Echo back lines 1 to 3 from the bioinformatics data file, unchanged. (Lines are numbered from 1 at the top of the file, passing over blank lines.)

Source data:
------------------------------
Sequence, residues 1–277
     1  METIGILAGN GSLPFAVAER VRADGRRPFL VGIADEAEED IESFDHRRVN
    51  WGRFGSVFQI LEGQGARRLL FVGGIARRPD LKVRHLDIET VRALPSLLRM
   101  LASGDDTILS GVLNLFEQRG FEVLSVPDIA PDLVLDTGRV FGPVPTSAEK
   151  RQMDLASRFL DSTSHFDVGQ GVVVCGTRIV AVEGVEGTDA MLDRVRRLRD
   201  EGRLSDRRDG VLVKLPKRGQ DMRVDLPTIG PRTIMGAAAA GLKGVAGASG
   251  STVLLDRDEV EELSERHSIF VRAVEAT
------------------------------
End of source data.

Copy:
Sequence, residues 1–277
     1  METIGILAGN GSLPFAVAER VRADGRRPFL VGIADEAEED IESFDHRRVN
    51  WGRFGSVFQI LEGQGARRLL FVGGIARRPD LKVRHLDIET VRALPSLLRM